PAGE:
Additionally, there is no "control group" in my experiment. It's impossible to say if how I feel to day is due more to the garlic, the weather, or even the phase of the moon. I am going to continue trying this and I'll post any updates.

Once I had slathered on the squishy mix (using a paper towel rather than a plastic glove because I didn't have the energy to head downstairs), I started to notice an effect instantly. It felt as though the muscles directly at the application site were beginning to relax. The oil hydrating my skin also felt amazing.

I do want to make note that it's a good idea to apply the oil to a very large area. The garlic and Vaseline mixture can get squished around very easily, even just while wrapping it in the plastic and putting socks on. You want to make sure it doesn't squish onto your bare skin. Also, olive oil is very high in vitamins E and K, which are fantastic for your skin.

After having the socks on for a few minutes, I began to feel a slight warming and tingling sensation right where the garlic paste was. I wouldn't describe it as a "burning" because it wasn't painful or even unpleasant, but it was a little bit ticklish.

That's about when I went to bed. That was more difficult than I had predicted, because my kitten insisted on attacking my massive, fuzzy Harry Potter socks that all of a sudden would crinkle when she grabbed them.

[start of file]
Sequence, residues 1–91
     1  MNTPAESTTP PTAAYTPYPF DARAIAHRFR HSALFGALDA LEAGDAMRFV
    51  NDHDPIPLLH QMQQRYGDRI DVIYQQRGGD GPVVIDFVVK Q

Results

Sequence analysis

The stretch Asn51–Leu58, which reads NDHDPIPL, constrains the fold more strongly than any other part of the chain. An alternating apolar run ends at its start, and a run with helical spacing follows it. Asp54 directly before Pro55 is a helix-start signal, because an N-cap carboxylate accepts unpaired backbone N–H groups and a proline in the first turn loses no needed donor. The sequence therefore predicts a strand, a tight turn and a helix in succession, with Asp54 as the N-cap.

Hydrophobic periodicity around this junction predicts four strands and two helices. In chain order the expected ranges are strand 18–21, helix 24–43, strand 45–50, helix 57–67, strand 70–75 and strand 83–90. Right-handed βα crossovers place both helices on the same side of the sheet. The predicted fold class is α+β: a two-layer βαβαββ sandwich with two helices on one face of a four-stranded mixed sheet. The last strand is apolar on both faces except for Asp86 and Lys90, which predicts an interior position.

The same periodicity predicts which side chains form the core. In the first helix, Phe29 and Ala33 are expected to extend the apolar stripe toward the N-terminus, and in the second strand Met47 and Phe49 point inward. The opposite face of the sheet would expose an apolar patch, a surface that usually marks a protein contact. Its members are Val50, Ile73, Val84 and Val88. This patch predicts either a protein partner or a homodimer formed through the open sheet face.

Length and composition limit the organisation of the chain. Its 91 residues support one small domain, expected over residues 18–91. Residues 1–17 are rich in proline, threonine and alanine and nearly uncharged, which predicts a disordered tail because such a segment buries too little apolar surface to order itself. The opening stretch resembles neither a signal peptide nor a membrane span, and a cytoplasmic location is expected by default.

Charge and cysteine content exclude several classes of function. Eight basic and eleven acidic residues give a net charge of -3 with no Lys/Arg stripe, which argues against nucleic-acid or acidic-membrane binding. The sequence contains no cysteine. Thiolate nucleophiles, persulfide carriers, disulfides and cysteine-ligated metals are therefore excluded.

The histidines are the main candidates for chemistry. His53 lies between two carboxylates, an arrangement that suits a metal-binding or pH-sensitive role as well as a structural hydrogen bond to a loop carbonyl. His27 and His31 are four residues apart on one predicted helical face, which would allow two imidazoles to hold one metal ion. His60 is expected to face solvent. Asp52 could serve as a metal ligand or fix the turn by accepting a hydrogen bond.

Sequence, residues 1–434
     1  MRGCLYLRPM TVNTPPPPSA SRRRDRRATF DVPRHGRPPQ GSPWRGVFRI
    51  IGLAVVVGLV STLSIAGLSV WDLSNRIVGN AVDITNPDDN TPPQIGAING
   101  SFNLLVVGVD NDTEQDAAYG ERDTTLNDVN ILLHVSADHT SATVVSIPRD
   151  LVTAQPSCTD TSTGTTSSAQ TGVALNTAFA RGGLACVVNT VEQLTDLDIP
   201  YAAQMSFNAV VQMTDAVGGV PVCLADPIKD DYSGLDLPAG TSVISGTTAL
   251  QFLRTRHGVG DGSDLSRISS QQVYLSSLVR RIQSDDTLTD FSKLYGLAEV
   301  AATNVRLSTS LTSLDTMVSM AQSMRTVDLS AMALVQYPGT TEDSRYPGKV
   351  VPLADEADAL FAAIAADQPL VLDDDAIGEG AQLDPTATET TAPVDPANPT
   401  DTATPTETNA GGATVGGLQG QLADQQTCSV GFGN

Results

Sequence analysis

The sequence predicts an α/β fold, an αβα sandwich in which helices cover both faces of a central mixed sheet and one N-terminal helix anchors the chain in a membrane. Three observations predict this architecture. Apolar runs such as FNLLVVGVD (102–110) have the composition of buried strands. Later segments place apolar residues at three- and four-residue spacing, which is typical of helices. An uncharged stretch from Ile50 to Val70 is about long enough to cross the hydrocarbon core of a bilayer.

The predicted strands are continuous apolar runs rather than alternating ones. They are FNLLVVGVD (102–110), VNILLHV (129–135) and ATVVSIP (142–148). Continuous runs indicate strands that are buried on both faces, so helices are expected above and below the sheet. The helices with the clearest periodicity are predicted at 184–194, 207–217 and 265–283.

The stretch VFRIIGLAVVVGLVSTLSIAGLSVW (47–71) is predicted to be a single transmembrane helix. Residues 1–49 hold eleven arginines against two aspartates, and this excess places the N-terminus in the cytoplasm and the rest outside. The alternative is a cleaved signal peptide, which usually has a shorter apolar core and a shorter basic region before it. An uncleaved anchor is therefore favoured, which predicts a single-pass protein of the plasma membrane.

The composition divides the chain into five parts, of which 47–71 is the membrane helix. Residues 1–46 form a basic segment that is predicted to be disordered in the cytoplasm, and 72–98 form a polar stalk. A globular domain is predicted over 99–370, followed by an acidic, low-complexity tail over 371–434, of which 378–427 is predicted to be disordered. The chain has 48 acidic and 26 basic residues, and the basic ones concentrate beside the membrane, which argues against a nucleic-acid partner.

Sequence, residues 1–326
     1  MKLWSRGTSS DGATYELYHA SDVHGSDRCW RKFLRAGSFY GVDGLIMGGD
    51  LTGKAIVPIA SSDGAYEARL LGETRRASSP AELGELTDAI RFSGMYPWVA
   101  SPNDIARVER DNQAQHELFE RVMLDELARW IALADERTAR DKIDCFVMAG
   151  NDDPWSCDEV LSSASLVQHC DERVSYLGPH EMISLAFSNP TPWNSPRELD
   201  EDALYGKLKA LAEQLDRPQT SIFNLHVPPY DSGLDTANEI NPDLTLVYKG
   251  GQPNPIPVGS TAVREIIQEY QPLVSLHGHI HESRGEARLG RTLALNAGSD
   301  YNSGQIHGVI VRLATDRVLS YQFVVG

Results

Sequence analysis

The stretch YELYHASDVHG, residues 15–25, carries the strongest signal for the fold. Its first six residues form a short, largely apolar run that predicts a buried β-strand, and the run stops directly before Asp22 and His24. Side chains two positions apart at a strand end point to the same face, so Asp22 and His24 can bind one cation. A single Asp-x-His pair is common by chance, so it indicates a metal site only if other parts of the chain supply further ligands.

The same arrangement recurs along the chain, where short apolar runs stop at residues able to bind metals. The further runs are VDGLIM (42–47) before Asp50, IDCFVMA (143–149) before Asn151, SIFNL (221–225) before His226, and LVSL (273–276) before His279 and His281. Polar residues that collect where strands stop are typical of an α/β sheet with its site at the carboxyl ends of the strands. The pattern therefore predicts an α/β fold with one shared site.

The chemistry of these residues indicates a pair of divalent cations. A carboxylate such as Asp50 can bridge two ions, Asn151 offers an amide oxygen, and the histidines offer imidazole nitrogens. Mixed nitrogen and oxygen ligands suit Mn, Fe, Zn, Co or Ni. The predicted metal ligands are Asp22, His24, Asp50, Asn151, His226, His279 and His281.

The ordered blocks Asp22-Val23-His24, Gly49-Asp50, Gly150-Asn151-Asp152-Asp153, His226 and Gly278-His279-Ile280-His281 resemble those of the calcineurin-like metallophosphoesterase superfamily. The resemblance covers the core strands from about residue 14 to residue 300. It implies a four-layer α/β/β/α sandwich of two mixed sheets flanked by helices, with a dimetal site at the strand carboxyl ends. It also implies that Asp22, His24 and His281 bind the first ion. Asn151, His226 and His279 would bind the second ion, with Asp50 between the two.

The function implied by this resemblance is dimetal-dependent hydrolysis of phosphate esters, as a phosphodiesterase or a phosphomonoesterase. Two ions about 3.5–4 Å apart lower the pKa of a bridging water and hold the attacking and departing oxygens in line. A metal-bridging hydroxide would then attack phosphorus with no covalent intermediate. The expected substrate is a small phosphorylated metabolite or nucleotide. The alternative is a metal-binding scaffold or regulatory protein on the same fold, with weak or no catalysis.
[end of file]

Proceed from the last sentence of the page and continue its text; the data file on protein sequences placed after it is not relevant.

When I first woke up, I had left my window open and it was now cold and rainy, so I closed it and went back to sleep. I was grumpy and uncomfortable. The second time I woke up was much more pleasant. It was still wet out, but it had stopped raining

The first thing I noticed was the time. It was almost 1:30 in the afternoon! It's been a very long time since I have been able to sleep that long. That was almost twelve hours of sleep! Secondly, when I rolled over, expecting the usual lightning bolt of pain up my side, it didn't come.

Instead, I was just a bit stiff, but no more than I should have been for lying immobile for twelve hours. I was tired, but no more than I used to be after staying up late studying for class, rather than my usual debilitating exhaustion. There was also some mild discomfort in my stomach, but that was also much less than normal, no worse than mild hunger.